The Rasputin Dagger by Theresa Breslin

Young Quills Reviews

Published 20th March 2018

1. By Joe

I enjoyed this book very much. I loved the first person writing that switched between characters and the true History of the book that combined with heart racing thriller fiction.

The event I liked the most was the Murder of Father Grigory Rasputin. It was a dramatic scene that showed the reader that foul play was at work in Prince Yusupov's castle.

The book did an amazing job keeping with its history period: The 1918 Russian revolution. It kept the reader well informed of every important event and added a few fictitious events that, even though they were not real, never strayed from the history of it.

The book made me very interested in The Russian Revolution and therefore prompted me to read more about it and even led me onto George Orwell's works on the later history of Russia such as Animal Farm.

I didn't really feel enticed to read more books by Miss Breslin as I am more into the history than her style of writing.

I think that the history in this book is rather accurate and well delivered.

There is nothing else to say except that it is a wonderful book


2.  By Osman

A grappling story about the persistence of inequality in the late 1900s and the effect of political turmoil, prescribed by different viewpoints. The first few chapters are extremely interesting. Amazing as is. Feels like a large enjoyable meal.

I would give the book 5 stars out of 5 stars.


3.  By Temirlan

Your overall impression and enjoyment of the book:

Overall the book was pretty decent!!! At first when I first picked the book in the library I had thought that it would be boring like many historical books. Therefore I got a surprise when I realized that the book is both interesting and entertaining. My further impressions improved throughout the book as I got dragged into the story unable to stop reading. Every day I read approximately fifty pages. I liked how the combination of historical facts and fiction worked together.

Your favourite parts of the book: As I went through the story I was met with more and more surprises that formed so much tension inside me making me want to read on and find out what will happen next. Those parts of the story that build a lot of tension were my favourite ones as they were the most exciting and weird, but in a good way. However my most favourite part was when Nina found out that she was connected to the Tsar's family in a very bad way... She found out that she was a Romanov; basically the target of Bolsheviks and that she was in a family who everybody hated.

What you would liked to see more or improved: I would like the book to be twice as big as I could not get enough of all the adventure as Nina and Stephan travelled around.

Would you give it a 5-star recommendation?:  Yes definitely, most certainly...


4.  By Mia

I really enjoyed this book!  Though it was a bit of a slow burner, the ending was very good; it was very exciting to see the story unfold.  My favourite character was Dr K as he was very kind and caring.  I think the book was very realistic as women of Nina's time may have been treated ike objects and forced to marry, like Viktor tried to do.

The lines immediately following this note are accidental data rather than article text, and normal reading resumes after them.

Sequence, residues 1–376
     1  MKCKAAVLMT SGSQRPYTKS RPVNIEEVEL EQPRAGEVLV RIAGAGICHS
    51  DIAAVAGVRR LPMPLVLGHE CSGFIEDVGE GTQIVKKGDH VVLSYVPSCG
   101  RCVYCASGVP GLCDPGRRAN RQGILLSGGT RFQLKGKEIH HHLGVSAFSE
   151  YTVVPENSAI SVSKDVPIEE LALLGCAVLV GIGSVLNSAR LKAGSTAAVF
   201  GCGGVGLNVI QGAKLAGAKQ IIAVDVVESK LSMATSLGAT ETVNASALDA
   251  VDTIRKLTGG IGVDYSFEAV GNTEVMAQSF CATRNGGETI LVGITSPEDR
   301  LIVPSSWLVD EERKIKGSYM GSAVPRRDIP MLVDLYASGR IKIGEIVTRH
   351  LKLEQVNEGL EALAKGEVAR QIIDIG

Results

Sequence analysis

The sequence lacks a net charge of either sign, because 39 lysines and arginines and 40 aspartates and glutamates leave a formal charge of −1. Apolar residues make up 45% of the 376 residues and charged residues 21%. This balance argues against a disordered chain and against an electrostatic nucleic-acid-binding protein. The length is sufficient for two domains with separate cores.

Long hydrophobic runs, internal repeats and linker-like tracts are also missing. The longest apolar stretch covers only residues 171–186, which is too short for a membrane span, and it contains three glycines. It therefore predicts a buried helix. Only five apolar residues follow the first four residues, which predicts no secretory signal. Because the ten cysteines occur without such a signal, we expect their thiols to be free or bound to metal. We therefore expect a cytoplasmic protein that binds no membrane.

This book did not really intrigue me, or inspire me to find out more about the history of the book.  It did not speak much about the context of the book, where it was set and time, etc., therefore I do not feel particularly interested by the history of the book.  I found the beginning of it a very difficult read as it was not exciting and not very much happened, however I think think was because there were a lot of interesting and complicated characters to introduce.

To conclude, I would say this book is worth a read, however not worthy of the Young Quills award.


5. By Lewis

This book was interesting as it was based on true events.  It was rather hard to follow as it had confusing parts where it would suddenly switch over.  It had a good story line.  Nina wanting a better future runs into this boy that wants to help Russia and it has a rather romantic effect.  Nina slowly falls under the spell of the monk and that was my favourite part because that was when the action and mostly mystery came in which made it more interesting to read.  Although the start was rather hard to follow because chapter 1 goes straight into 'I murdered a man' and that left me thinking I had missed a section [apart from the prologue] altogether.  I would give this book a 6/10 because it was hard to follow parts of the story which made you miss the story and I would suggest a 15 year old reads this book. Thank you for reading my report.


6.  By Ila

This historical fiction book by 2nd time author, Theresa Breslin, is set in both Siberia, and St Petersburg, or, as it was known then, Petrograd, in Russia. It is spaced out over the course of 3 years, starting in the summer of 1916, to sometime in 1918, but with the prologue set in 1905, on Bloody Sunday. At first, I found this book a little boring, as it was slow-moving and overly-descriptive, and it took me a while to get into it, but around half way through, it picked up the pace and I really did properly get my teeth into it. The book is centred around 2 characters, Nina Ivanovna, a fair girl, fleeing to Petrograd to her godfather, Dr Konstantin, to escape her stormy past, and Stefan Petrovich, an argumentative trainee doctor, whose past also haunts him. During the course of the book, the perspective switches between that of Nina, and that of Stefan. I enjoyed this aspect of the book, as it let you know two different sides of the story and it helped you learn more about what was going on, at the start of each chapter, you are told which person is narrating.